Obesity, And Addiction : Obesity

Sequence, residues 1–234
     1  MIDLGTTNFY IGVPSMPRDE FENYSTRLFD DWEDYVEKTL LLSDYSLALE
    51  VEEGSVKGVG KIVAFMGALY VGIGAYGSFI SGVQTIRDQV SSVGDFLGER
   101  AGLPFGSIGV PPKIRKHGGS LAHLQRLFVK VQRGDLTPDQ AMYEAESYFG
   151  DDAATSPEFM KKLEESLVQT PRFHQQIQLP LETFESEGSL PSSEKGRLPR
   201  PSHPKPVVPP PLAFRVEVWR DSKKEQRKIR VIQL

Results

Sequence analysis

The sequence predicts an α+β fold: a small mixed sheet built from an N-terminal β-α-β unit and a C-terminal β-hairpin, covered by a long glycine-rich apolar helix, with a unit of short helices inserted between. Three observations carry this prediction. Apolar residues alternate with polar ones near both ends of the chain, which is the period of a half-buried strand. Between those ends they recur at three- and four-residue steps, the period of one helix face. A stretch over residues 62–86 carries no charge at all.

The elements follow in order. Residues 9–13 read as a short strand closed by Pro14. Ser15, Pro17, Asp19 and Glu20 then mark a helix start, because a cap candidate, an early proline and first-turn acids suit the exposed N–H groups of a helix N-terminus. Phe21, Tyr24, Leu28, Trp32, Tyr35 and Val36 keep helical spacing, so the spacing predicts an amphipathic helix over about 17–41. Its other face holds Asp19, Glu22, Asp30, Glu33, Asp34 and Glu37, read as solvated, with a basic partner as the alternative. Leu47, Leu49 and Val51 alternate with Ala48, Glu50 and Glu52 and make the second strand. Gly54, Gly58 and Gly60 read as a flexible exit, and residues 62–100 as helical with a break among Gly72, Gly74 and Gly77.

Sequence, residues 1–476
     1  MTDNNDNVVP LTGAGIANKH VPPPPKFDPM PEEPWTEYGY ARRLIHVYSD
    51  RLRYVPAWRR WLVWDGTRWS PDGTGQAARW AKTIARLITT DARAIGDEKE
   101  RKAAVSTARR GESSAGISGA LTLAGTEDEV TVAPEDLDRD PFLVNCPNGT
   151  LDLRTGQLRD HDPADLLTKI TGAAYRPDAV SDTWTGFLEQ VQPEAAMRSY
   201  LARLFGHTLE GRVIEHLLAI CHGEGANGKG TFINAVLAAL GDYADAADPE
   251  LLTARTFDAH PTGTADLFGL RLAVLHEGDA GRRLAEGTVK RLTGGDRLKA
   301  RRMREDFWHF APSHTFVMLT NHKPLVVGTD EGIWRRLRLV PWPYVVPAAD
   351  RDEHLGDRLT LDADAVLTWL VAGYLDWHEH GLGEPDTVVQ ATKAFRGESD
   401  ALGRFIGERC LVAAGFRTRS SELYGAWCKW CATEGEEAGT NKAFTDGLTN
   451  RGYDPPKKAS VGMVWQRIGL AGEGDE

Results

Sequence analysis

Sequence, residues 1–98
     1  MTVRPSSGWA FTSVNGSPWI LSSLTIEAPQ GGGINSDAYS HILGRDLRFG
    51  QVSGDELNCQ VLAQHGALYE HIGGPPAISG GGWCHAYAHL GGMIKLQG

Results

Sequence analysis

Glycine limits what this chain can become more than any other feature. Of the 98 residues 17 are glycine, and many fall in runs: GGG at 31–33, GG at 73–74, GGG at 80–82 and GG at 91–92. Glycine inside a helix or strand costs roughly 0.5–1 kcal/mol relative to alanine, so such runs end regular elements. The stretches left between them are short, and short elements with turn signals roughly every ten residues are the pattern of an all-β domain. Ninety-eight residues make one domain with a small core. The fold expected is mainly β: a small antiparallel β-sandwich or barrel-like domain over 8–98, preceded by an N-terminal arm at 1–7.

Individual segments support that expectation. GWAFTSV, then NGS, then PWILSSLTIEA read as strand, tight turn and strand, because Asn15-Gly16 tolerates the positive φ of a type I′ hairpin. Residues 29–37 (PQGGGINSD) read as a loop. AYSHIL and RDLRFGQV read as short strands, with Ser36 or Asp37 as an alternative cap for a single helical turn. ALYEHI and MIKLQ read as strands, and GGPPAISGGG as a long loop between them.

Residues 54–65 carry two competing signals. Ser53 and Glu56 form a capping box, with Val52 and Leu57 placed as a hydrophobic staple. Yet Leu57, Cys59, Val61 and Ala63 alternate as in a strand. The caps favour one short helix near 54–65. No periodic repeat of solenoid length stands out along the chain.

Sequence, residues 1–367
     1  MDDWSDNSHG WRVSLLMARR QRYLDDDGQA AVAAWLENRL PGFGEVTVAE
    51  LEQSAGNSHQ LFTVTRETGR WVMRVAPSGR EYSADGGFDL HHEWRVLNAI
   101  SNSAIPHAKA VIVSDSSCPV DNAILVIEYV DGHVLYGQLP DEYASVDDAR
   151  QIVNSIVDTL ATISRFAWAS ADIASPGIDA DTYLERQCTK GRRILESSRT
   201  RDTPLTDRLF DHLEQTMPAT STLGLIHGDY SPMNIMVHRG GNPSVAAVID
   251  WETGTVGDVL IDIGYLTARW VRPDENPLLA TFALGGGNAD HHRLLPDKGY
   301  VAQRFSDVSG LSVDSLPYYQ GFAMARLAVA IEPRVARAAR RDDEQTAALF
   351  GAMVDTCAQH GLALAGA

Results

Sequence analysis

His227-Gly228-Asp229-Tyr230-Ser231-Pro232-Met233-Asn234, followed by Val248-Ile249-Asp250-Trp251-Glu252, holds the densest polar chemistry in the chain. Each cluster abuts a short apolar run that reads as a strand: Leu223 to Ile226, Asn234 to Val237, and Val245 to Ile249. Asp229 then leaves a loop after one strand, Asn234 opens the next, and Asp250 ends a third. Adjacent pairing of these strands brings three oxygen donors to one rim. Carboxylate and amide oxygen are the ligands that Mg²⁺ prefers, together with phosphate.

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Obesity, and Addiction There is a large portion of the world’s population that has progressed past the point of having to struggle for food on a day to day basis. The days of an obese person being a sign of wealth and power are relatively gone in our society, and now even the poorest of us can find ourselves over weight. A big part of this can be chalked up the amount of food we can produce and that junk food is cheaper and tastier then the healthy alternative. With this a lot of the time it is just as simple as we don’t get enough exercise for the amount of food we eat but “clinical practice and epidemiological data clearly show that weight control is more complex than expected” (Riva, Bacchetta, Cesa, Conti, Castelnuovo, Mantovani, Molinari, 2006, p. 457). We are starting to see that to some people, eating is perhaps an addiction that needs special attention. How can something so necessary such as eating become a problem and addiction to some? The trial performed by Riva (2006) is what I will be reviewing this paper. This trial was to measure the efficacy of different methods used to help treat patients with severe obesity, and repeated failures to lose weight. So I will summarize the process of the trial including how the patients were chosen, what methods were used to get them to lose the weight, and of course which of the methods provided the best and worst results. “Between 2000 and 2001, obesity prevalence climbed from 19.8% of American adults to 20.9% of

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